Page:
The special status is initially valid for a year, but can be extended. Anyone who is still in Switzerland after five years receives a B permit.

Included is also the right to work, as well as free health care and language courses. The refugees also have the right to free public transportation, but this perk will end on May 31st, with no word yet whether it will be renewed.

READ MORE: Switzerland’s special ‘S permit’ visa program: What Ukrainians need to know

Now, however, “the great solidarity with refugees from Ukraine is cracking”, according to SonntagsZeitung, which reports that rightwing politicians in Switzerland are “beginning to question our country’s culture of hospitality”.

The right-wing Swiss People’s Party (SVP), which has consistently opposed sanctions on Russia, is calling on the government to limit the S status  only to Ukrainians who come from the eastern part of the country, which is currently most impacted by Russia’s invasion.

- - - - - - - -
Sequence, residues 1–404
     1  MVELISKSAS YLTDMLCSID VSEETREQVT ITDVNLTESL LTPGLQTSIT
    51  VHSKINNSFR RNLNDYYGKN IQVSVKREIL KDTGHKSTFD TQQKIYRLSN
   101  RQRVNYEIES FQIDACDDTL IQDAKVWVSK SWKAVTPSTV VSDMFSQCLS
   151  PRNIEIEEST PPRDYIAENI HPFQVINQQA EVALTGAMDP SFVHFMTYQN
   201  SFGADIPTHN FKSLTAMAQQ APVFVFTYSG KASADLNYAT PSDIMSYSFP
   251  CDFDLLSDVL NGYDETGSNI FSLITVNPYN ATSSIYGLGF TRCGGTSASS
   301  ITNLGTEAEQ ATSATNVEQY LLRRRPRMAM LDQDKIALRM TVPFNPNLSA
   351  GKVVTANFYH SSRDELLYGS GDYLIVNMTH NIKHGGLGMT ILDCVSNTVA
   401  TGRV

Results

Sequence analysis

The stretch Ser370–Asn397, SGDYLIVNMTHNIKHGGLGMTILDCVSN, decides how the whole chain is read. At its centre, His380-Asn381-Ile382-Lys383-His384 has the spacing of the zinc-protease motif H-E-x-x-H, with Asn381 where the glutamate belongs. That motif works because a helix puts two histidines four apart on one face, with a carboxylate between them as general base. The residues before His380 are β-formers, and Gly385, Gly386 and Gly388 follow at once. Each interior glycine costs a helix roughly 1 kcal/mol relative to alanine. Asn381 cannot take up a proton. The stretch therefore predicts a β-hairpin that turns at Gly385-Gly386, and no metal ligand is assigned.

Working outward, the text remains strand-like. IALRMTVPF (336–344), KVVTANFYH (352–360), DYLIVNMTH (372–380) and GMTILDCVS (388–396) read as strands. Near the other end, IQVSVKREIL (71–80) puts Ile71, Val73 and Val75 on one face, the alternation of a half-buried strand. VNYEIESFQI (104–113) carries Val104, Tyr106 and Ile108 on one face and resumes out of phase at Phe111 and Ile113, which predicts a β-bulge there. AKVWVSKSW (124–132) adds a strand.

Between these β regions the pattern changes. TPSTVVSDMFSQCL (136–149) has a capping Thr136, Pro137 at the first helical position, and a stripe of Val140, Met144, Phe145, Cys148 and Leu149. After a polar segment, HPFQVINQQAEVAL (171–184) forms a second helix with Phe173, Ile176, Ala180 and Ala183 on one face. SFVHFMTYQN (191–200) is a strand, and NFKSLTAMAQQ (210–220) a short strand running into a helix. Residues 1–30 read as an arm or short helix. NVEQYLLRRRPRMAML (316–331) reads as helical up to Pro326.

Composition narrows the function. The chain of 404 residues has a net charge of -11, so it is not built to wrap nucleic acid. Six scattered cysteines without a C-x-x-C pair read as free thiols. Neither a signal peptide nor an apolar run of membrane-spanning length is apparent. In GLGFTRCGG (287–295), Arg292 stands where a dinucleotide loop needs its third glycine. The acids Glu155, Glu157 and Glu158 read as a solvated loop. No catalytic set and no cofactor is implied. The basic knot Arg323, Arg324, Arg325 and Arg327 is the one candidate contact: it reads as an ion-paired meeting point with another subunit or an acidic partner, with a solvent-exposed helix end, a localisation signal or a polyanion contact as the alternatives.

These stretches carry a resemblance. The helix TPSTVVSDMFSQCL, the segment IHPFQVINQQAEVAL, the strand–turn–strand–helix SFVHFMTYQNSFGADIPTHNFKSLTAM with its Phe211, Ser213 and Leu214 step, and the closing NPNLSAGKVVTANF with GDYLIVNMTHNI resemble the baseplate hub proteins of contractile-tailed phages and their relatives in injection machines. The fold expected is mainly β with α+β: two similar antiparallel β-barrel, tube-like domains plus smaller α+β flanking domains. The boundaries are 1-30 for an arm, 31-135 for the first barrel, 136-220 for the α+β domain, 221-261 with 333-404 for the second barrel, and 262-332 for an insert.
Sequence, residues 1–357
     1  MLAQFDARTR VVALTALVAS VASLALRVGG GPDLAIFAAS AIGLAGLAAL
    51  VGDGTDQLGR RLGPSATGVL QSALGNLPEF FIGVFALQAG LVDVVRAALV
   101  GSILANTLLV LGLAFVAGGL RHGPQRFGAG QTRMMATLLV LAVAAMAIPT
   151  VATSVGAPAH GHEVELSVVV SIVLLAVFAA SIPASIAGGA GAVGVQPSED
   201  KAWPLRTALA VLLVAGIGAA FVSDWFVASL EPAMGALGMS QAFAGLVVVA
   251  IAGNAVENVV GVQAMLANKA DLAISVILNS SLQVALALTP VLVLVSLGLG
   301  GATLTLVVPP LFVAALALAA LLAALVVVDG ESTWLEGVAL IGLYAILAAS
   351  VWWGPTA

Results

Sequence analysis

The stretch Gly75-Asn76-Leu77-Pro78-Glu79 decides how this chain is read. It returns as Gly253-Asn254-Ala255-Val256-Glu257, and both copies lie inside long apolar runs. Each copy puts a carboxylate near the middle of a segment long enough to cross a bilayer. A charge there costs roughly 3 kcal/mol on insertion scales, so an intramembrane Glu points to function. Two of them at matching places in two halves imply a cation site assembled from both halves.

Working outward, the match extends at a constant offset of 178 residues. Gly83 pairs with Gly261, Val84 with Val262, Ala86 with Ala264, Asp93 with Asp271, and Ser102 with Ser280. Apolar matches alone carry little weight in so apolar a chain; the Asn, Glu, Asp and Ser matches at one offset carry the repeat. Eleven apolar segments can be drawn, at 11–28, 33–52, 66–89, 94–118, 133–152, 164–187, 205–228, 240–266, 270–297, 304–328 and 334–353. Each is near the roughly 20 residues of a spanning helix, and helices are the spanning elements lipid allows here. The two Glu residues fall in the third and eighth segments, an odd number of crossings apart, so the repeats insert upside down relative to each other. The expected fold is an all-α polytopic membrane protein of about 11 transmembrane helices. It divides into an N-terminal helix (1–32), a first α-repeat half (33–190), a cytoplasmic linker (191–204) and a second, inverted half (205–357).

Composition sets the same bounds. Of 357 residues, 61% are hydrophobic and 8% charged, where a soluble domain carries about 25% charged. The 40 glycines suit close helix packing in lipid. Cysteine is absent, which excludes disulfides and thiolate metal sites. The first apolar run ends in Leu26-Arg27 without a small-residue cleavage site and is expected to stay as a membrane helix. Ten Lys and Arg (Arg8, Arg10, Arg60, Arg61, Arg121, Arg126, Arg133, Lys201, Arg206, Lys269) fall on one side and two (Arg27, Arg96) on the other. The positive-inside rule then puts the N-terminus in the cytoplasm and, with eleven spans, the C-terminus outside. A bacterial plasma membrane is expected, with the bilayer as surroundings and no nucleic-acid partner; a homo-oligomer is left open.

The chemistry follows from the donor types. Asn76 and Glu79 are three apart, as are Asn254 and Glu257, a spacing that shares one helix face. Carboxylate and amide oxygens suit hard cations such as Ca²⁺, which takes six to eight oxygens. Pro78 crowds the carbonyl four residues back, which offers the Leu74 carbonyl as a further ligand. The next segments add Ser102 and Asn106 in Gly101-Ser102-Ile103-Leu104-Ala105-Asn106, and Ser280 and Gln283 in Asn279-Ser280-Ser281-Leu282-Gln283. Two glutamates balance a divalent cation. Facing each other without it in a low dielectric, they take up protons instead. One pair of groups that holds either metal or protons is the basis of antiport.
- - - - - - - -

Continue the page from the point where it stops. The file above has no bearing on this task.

This movement is spearheaded by MP Martina Bircher, who argues that Switzerland is reaching its limits in terms of the number of refugees it can accommodate and support, and it should therefore grant S status only to those fleeing the most conflict-ridden regions of Ukraine, like the eastern part.

Other right-of-centre groups are in favour of this “regionalisation” as well. Andrea Caroni, president of the centre-right Liberal Party, supports the idea of granting the special status based on the geographical evolution of the Ukrainian conflict, saying Switzerland “ultimately has limited capacity” to absorb refugees from Ukraine. 

He said, however, that such a measure “must be coordinated at the European level.”

Not everyone, however, agrees with Bircher’s proposal.

According to Gerhard Pfister, president of the Centre Party, adopting geographical limitations “would create two classes of Ukrainians. This is not right”.

It is unclear how the SVP would seek to draw barriers to distinguish between the east and west of the country.